Or another rule tells you that you HAVE to drink a protein shake for results post-workout, but instead of a flat stomach…all you are left with is a bloated stomach, gas and indigestion (instead of that six pack).
Or yet, another rule on your performance diet tells you that grains are completely off limits—no rice, no oats,. But you find yourself lacking some power, or struggling to build—and keep on muscle with your low carb: protein intake. Perhaps a little bit of white rice or some steel cut oats could actually benefit you.
You get the picture.
Instead of relying so heavily on what you “should” or “shouldn’t” do—how about customizing your protocol to what your body wants to do?
Most recently, my goals in the gym have continued to involve building strength and some muscle to be able to hold my own on the barbell.
I love training for function and the possibilities of what my body is capable of doing, the more and more I take care of it.
In order to do that, I was recently introduced to the idea that perhaps, maybe just maybe, a little bit of extra carbohydrate in my daily diet could really help me benefit with these goals.
Simply by adding a little bit of fruit with my breakfast, butternut squash (hash), or my famous homemade banana pancakes—with my eggs or sausage and avocado has begun to make a big difference in how I feel when I approach the barbell: Feeling stronger to back-squat 80-90% of my 1 rep max 5-10 times with a little extra ease; pressing weight over my head for a set of 5-8 that used to be a struggle for 3-4 reps like a breeze…While I am no CrossFit Games athlete, nor do I monitor my ‘PRs’ or stats religiously—I take notice in how I feel during my workouts, and have definitely been feeling on my A-game.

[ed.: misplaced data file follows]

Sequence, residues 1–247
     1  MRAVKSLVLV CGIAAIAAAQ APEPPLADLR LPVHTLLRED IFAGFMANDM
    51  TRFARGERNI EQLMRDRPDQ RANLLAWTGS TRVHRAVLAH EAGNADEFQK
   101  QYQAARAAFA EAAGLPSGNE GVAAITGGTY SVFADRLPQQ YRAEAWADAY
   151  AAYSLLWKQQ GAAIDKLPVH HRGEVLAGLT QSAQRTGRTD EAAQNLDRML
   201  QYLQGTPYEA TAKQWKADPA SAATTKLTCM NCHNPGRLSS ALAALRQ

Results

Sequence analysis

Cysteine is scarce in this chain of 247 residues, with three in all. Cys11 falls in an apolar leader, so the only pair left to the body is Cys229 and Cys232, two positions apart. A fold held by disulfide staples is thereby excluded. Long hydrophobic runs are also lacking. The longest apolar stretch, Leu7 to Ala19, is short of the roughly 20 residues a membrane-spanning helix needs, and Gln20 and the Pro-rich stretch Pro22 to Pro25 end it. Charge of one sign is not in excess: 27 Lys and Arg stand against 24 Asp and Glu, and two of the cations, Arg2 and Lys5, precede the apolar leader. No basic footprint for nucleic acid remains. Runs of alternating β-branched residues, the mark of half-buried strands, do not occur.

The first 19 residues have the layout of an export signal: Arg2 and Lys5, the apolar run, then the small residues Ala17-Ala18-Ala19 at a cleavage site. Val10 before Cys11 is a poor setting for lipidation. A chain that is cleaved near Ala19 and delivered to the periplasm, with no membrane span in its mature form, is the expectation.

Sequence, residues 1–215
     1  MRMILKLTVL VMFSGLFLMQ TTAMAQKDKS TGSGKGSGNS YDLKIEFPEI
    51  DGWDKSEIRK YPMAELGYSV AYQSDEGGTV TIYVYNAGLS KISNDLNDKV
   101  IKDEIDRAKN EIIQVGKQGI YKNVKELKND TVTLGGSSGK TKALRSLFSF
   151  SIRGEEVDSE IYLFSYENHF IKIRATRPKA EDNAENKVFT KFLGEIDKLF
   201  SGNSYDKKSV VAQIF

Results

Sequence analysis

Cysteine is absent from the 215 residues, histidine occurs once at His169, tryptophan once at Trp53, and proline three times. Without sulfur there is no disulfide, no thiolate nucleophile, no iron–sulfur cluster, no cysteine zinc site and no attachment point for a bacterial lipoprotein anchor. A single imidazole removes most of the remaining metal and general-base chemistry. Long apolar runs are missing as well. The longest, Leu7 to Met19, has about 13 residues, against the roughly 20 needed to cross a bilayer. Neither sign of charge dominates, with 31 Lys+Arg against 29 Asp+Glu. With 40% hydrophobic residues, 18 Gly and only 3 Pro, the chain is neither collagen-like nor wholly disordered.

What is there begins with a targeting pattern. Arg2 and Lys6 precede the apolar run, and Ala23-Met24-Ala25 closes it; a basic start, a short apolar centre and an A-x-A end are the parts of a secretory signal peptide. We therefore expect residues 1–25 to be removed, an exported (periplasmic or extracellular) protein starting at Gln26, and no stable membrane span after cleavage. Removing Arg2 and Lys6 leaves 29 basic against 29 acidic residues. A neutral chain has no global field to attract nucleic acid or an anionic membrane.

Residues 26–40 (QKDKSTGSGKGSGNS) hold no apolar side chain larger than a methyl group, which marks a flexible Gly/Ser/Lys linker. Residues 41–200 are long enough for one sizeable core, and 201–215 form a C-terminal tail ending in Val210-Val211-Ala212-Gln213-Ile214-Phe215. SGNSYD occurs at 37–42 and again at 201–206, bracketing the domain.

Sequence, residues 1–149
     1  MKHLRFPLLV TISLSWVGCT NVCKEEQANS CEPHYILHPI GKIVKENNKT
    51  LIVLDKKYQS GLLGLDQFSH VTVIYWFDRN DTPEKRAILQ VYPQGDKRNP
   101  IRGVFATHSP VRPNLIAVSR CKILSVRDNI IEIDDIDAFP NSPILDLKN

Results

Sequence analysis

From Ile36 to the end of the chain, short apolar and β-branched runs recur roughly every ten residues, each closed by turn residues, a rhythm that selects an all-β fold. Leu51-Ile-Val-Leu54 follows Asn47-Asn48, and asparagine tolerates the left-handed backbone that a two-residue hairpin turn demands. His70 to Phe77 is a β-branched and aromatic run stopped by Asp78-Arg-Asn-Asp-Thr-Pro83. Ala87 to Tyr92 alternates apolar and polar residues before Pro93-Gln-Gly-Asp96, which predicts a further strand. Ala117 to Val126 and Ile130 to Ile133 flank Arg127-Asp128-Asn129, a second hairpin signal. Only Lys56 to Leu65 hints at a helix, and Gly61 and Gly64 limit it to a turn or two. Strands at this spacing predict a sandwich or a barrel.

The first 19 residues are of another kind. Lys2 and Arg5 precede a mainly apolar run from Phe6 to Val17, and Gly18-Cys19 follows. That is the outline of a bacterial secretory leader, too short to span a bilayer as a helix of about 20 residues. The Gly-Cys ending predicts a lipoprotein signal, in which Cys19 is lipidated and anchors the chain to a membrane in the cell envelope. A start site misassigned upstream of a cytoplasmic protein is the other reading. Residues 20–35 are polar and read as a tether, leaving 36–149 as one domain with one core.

In addition, for about the past six months, I had cut out protein powders completely from my diet—after 10+ years of drinking protein shakes regularly around workouts, I really wanted to give my body a break from the instant source of quick protein—made in a lab.
I have been through the gamut when it comes to trying every protein powder under the sun over the years.
However, I had noticed, I was lacking some energy in my day to day—and it was because I had eliminated 1-2 protein shakes from my diet, eating three balanced meals per day.
While there are plenty of other options aside from powders, for my busy, on-the-go lifestyle, a protein powder makes most sense to shake up and go on with my day until the next meal approaches.
That being said, I said ‘hello’ again to one of the only formulas that has settled personally best on my own stomach and body: Progenex—a hydrolyzed whey protein.
I’ve been on the fence with this stuff—back and forth—feeling like I am not eating ‘real food’ by choosing this powder…but at the end of the day, for this season of my training…it is honestly what works best for my body.
No, I am not magically growing muscles over night, but the formula not only settles best on my stomach (no bloating, no gas, no nausea), but also has a little bit of carbohydrate mixed in with that protein for the proper assimilation and energy use by my body.
In other words: It’s what works for me right now–and genuinely makes my body feel empowered.
So now it’s your turn.
What works for you?!
The BEST approach to your own performance nutrition is experimenting with various templates, and customizing your own protocol—based on your goals, your training and fitness of choice, and your body’s response.
Side note: I will attest that there IS a basic, no-duh-Sherlock template for every human body (and that is, as you well know: REAL FOOD for the majority of your meals and diet).
However, as an athlete, trainee or weekend warrior—with performance goals in mind—I will also be the first to attest that a ‘little dirt never hurt’. (And I am not talking about donuts here people; but more so the ‘gray areas’, such as grains—like rice and oats, for some, even bread; protein powders; and fruit).
How to structure this with the just-right balance? What about macros? What about calorie needs? Protein needs? Carb needs?
Additional information on holistic performance nutrition to come in Part 2.
Looking for guidance around customizing your personal performance nutrition plan?
Contact me for a free 30-minute consult to chat your goals, your sport or fitness, and your nutrition blueprint to best support your body.